As it is not the easiest thing to pick, I harvested only about half, and so far have frozen some for further use, and used a few to make a Sea Buckthorn infused vinegar. This being my first attempt at using it, except as fresh berries, I wanted to keep it simple, and maximise the use of the few berries I managed to pick. The branches are thorny, and the berries grow so close to the branches that it was a bit of a challenge. Just remember when you see the high prices of the products made from these berries, that might be the reason.

To make the vinegar: Put a handful of berries into a clean mason jar. Cover with organic cider vinegar. Weigh the fruit down so none of the berries is floating on top and exposed to air. I used clean marbles wrapped in cheesecloth. One common method is to put water in a sealed plastic bag, but I did not want to submerge plastic into my pristine vinegar. Leave it in a cool dark place for a couple of weeks. This is particularly good on coleslaw. Sprinkle a few berries right into the salad.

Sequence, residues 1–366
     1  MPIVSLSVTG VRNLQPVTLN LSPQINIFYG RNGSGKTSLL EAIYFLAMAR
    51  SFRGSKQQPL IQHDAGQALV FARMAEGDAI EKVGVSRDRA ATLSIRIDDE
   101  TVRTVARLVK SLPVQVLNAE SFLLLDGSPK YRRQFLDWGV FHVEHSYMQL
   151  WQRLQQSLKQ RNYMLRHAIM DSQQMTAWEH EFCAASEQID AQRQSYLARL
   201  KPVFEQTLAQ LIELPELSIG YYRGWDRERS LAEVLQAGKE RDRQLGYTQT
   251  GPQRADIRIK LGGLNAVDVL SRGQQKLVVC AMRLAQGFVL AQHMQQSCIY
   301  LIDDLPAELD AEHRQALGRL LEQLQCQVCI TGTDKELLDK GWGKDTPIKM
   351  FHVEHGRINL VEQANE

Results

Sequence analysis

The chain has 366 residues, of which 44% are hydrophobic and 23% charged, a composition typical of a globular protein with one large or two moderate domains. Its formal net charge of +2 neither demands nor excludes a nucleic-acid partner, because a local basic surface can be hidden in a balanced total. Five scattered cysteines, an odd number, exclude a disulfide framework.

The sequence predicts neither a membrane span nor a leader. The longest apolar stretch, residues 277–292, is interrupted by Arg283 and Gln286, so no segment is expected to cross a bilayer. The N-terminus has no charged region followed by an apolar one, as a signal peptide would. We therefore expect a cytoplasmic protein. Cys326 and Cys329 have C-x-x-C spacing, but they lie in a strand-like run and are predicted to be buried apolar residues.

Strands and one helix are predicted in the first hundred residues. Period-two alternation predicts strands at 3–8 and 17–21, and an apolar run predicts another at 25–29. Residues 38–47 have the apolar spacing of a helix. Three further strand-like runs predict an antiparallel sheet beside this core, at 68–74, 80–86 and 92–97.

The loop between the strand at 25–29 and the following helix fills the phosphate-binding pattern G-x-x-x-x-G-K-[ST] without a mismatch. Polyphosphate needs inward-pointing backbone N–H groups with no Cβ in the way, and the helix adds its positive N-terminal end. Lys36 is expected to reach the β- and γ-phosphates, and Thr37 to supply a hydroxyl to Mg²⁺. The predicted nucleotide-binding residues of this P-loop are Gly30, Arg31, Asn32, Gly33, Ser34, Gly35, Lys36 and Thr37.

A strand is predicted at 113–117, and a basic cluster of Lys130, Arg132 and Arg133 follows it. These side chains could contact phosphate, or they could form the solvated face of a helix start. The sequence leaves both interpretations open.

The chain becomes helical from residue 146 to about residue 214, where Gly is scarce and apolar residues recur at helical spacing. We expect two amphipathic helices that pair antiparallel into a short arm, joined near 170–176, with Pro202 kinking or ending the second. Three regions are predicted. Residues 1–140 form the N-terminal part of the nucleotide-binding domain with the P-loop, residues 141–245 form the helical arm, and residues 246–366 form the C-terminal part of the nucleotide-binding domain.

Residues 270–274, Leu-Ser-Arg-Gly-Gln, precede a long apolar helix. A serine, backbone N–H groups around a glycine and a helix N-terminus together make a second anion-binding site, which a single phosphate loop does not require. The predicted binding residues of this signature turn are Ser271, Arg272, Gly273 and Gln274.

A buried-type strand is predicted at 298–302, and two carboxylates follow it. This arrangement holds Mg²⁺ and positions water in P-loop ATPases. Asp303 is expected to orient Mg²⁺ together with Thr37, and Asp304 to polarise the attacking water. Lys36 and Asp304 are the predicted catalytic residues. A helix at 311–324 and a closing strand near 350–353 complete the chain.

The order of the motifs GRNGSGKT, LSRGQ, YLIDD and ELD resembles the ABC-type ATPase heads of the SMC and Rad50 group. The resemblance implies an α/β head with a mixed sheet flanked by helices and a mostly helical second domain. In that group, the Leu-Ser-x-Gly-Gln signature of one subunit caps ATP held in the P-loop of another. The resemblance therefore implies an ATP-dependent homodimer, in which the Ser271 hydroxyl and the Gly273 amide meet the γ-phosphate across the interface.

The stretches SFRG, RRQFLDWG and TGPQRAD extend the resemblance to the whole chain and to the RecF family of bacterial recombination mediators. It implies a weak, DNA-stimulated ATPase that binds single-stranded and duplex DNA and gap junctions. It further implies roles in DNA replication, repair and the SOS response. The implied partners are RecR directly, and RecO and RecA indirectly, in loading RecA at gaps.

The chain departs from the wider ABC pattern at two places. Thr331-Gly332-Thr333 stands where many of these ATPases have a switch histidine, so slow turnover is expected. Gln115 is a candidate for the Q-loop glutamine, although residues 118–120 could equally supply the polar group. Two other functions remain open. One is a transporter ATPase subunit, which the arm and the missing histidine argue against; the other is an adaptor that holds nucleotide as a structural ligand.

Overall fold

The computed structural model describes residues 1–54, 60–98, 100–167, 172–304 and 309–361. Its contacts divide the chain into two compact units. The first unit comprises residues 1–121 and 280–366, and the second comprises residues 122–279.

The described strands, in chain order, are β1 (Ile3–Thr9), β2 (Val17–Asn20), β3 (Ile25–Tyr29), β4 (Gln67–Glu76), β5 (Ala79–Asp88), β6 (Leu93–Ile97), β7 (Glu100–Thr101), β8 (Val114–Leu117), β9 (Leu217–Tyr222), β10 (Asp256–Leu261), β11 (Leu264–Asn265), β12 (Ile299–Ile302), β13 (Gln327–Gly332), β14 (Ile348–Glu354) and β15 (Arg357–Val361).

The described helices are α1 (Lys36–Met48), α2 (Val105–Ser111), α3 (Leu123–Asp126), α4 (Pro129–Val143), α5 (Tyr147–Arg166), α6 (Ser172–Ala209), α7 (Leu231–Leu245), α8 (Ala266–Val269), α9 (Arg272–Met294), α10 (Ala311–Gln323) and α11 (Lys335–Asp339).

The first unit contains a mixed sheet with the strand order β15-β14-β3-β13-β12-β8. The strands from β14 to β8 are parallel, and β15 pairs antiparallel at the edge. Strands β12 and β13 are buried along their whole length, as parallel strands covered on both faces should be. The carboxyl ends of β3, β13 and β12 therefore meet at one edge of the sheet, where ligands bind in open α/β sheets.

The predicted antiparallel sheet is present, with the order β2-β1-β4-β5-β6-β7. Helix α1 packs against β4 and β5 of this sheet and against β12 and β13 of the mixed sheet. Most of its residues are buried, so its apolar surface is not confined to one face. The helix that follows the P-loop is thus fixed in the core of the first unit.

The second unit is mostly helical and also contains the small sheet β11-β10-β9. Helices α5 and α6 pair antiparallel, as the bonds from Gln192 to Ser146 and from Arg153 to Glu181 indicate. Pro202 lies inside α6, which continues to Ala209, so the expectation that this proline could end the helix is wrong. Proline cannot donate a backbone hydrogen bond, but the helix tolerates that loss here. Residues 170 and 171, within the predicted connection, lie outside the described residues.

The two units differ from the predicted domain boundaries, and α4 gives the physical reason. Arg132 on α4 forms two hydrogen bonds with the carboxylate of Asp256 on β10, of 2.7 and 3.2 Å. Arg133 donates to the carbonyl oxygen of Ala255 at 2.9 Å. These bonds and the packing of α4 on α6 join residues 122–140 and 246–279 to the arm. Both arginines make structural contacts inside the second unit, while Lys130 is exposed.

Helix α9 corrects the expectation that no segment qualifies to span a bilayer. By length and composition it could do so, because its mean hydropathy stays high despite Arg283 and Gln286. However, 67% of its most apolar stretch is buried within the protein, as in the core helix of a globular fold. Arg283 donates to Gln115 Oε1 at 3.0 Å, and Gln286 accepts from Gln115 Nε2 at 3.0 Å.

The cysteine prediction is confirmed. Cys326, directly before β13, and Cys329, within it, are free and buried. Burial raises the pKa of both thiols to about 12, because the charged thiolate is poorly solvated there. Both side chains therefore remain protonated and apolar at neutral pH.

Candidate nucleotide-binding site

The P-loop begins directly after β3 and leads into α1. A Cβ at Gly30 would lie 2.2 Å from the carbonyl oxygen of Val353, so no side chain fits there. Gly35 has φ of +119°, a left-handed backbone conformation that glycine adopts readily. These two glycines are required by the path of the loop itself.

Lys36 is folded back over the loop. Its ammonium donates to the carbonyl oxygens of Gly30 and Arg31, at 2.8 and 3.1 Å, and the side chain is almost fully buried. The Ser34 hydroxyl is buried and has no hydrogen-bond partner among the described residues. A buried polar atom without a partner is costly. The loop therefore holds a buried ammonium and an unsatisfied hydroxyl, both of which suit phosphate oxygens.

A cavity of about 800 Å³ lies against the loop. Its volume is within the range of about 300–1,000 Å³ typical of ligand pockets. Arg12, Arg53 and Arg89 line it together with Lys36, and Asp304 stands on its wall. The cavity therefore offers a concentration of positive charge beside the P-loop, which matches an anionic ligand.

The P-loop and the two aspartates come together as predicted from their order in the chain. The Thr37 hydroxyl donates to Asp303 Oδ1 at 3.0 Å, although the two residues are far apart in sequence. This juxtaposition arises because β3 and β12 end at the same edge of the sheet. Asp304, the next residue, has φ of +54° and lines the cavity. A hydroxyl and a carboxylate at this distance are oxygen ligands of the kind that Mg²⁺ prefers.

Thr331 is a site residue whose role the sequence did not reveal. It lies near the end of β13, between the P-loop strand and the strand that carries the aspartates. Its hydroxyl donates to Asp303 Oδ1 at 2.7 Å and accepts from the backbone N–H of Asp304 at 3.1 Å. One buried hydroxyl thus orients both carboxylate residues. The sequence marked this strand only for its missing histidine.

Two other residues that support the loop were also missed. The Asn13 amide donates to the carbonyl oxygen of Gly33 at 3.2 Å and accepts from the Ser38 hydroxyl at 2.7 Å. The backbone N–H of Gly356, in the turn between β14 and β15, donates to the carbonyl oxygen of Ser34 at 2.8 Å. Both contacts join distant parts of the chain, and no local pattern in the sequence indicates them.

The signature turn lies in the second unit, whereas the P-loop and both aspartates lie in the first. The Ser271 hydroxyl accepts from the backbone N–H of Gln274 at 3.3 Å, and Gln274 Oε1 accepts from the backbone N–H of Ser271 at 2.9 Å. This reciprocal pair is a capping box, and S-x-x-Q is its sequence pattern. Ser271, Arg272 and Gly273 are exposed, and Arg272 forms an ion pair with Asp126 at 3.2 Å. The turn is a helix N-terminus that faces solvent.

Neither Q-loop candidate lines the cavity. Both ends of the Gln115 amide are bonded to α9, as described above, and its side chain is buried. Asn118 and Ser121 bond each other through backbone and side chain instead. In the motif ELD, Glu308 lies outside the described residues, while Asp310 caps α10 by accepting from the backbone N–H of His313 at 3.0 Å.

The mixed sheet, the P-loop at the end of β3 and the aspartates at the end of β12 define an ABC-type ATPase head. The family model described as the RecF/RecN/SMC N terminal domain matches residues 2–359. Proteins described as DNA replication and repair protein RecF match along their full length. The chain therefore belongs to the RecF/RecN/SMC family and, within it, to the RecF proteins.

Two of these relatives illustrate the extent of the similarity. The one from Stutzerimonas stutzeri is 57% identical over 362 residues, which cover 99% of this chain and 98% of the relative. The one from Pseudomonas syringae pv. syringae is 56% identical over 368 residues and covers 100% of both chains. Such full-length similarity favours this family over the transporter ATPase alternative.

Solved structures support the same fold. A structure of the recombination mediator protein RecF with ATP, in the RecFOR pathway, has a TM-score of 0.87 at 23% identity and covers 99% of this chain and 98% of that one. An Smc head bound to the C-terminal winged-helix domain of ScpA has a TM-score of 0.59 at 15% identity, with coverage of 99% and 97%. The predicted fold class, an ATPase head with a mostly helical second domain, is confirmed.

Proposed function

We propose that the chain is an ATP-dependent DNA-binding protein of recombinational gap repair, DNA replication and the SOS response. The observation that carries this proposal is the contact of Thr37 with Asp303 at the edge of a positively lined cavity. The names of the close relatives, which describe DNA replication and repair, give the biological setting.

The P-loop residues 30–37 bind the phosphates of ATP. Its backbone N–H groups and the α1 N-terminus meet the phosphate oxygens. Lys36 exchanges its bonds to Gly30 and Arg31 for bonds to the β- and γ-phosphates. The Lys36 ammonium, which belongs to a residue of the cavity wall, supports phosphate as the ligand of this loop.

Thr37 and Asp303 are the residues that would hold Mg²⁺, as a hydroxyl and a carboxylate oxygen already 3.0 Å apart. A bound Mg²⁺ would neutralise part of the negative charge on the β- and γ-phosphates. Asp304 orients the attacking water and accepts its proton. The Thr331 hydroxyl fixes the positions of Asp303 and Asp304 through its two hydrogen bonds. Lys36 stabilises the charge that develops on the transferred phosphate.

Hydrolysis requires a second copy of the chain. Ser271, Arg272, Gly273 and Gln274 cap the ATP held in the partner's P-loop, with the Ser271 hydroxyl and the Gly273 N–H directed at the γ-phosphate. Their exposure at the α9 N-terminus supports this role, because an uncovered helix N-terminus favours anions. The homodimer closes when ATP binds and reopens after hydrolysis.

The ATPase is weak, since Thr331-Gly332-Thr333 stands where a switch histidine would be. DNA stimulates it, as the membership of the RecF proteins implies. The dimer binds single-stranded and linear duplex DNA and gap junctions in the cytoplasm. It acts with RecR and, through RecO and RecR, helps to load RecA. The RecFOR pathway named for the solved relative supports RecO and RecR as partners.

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Jerusalem Artichoke Biscuits

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sumac berries

First of all, I made a jelly from sumac and crabapples. This was pretty simple. I used 1 cup of each ingredient: crabapples, sumac berries, sugar and water. I cooked the fruit together in the water, covered, till all were soft. After straining it through a cheesecloth-lined sieve, I added the sugar and cooked until it thickened enough. With all the pectin from the crabapples, this is not a problem. Rather, be careful not to overcook it. I find the best method is to take a small sample, put it in saucer and if it thickens as it cools it is ready.

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crabapple and sumac jelly

Then I needed something to taste this jelly with, so I came up with this tea biscuit recipe as the first in my experiments in baking with jerusalem artichoke flour. The artichoke flour is pretty concentrated, so you don’t need much. I did not add sugar so that I could use these with sweet jams and jellies, and also with savoury. It was equally good with the jelly and with pesto (I used dandelion pesto I made last spring) with some parmesan on top. It is a light biscuit, and not as dry as many of the gluten-free ones I have tried. It was enough of a success that I have made it a few times since.

Jerusalem Artichoke Tea biscuits

2 Tbsp jerusalem artichoke flour

1/3 cup tapioca starch

2/3 cup rice flour

1/2 tsp guar gum

1/2 tsp salt

1 1/2 tsp baking powder

3 Tbsp oil

2 Tbsp milk (or almond milk)

1 egg

Mix the egg and oil together and add to the dry ingredients. Mix just until blended. Spoon out the batter, flatten slightly, place in a baking dish and bake at 350 for 20 min. This recipe makes 6 biscuits. This recipe can be doubled.